Development of Short Forms From the PROMIS™ Sleep Disturbance and Sleep-Related Impairment Item Banks

Department of Psychiatry, University of Pittsburgh School of Medicine, USA.
Behavioral Sleep Medicine (Impact Factor: 2.34). 12/2011; 10(1):6-24. DOI: 10.1080/15402002.2012.636266
Source: PubMed


This article reports on the development of short forms from the Patient-Reported Outcomes Measurement Information System (PROMIS™) Sleep Disturbance (SD) and Sleep-Related Impairment (SRI) item banks. Results from post-hoc computerized adaptive testing (CAT) simulations, item discrimination parameters, item means, and clinical judgments were used to select the best-performing 8 items for SD and SRI. The final 8-item short forms provided less test information than the corresponding full banks, but correlated strongly with the longer forms. The short forms had greater measurement precision than the Pittsburgh Sleep Quality Index (PSQI) and the Epworth Sleepiness Scale (ESS), as indicated by larger test information values across the continuum of severity, despite having fewer total items--a major advantage for both research and clinical settings.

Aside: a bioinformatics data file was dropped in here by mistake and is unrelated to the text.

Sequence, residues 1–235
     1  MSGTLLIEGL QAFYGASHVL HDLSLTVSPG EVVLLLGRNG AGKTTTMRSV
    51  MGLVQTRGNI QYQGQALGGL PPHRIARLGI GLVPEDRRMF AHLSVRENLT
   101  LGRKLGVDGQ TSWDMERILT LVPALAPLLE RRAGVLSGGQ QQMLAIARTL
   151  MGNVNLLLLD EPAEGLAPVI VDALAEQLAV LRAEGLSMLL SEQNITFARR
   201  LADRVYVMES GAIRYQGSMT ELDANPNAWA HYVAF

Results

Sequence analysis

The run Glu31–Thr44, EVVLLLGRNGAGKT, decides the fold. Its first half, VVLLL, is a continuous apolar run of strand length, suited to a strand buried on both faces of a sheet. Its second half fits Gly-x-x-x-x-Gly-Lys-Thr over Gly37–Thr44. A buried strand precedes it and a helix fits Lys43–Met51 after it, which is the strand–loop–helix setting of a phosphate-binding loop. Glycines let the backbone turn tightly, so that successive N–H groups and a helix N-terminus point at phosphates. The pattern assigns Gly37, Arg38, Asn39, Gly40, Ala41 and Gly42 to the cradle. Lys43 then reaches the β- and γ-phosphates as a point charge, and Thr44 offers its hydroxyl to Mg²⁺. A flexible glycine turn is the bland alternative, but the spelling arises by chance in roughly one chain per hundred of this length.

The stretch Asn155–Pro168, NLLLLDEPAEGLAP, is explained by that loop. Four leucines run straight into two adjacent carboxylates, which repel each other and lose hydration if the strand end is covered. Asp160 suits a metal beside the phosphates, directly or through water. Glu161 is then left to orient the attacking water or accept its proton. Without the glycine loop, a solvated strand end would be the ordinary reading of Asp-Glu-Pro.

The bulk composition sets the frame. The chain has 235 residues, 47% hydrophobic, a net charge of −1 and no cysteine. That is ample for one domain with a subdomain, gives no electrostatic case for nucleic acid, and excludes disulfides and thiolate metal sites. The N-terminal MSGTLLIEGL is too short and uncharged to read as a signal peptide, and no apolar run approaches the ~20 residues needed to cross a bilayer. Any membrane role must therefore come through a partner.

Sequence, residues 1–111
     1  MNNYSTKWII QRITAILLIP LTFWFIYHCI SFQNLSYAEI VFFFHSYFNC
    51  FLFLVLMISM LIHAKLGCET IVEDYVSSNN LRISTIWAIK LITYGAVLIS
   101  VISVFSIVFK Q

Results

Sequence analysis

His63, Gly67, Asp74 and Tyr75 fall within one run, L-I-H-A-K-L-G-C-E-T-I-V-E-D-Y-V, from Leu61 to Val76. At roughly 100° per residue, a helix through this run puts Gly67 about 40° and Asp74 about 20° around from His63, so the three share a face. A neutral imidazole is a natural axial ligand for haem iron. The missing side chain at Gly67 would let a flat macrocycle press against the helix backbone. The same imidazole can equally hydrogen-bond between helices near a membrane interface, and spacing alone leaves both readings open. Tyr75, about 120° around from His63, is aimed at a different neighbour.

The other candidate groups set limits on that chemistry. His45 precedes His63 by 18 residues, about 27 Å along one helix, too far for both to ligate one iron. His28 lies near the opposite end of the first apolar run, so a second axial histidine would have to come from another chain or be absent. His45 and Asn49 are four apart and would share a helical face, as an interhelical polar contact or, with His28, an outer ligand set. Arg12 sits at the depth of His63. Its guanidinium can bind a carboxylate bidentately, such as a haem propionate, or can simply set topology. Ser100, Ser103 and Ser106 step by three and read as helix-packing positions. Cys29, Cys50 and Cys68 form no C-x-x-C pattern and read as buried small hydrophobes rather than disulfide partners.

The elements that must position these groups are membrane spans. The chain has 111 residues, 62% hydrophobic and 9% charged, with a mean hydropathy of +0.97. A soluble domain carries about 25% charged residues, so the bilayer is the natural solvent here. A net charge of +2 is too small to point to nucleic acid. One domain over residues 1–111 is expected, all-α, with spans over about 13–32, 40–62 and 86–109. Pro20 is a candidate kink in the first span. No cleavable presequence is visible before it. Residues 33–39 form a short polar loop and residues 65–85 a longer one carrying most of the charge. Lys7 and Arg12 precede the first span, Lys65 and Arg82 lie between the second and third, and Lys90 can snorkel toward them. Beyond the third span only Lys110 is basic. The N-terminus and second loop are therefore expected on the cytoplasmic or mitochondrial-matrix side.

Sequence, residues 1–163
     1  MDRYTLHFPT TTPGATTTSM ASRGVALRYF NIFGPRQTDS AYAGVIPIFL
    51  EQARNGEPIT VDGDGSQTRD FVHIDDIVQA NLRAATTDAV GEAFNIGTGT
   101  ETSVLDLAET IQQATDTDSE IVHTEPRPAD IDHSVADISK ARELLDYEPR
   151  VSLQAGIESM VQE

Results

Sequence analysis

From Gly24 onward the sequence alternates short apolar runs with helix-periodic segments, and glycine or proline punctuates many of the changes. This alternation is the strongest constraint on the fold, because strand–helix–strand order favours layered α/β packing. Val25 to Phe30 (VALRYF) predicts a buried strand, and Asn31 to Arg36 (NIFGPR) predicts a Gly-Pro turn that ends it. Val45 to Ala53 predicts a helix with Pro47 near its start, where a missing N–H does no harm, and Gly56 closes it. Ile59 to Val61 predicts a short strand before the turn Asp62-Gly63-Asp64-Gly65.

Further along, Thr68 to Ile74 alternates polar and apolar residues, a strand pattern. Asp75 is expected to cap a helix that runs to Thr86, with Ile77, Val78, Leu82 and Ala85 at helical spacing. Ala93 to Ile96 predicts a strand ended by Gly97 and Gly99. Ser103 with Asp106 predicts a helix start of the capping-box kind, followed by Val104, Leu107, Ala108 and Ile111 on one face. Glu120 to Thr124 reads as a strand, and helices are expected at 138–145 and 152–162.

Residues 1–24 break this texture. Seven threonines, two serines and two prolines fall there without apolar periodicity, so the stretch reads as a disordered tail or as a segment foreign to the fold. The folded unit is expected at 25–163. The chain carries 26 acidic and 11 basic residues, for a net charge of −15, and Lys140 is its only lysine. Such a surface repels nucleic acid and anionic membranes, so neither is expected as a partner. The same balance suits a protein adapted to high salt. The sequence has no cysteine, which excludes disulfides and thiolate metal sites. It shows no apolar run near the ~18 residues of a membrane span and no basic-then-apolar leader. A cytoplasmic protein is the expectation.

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    • "The PROMIS had been validated in several languages (for detailed information, see including English, French and Spanish (internal consistency: >0.9; construct validity: product-moment correlations ≥ 0.96) (Buysse et al., 2010; Yu et al., 2011). A total score ranging from 0 to 2 was obtained by summing up the answers to the two questions, a score of 1 or more indicating the presence of sleep disturbance. "
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    • "), sleep disturbance in the previous four weeks was assessed through two single questions scored on a 4- point scale (0 for favourable answers, 1 for unfavourable answers) (Yu et al., 2011). The PROMIS has been validated in several languages, including English, French and Spanish (construct validity: product-moment correlations ≥ 0.96), (for detailed information, see "
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    • "By using the touch screen, responses could be made in a few minutes. Before bedtime, subjects were asked to fill out the Patient Health Questionnaire (PHQ-15 for somatization; Kroenke et al., 2002) and, upon awakening, the PROMIS Sleep Disturbance-Short Form (Yu et al., 2011), both implemented on the same Android phone. "
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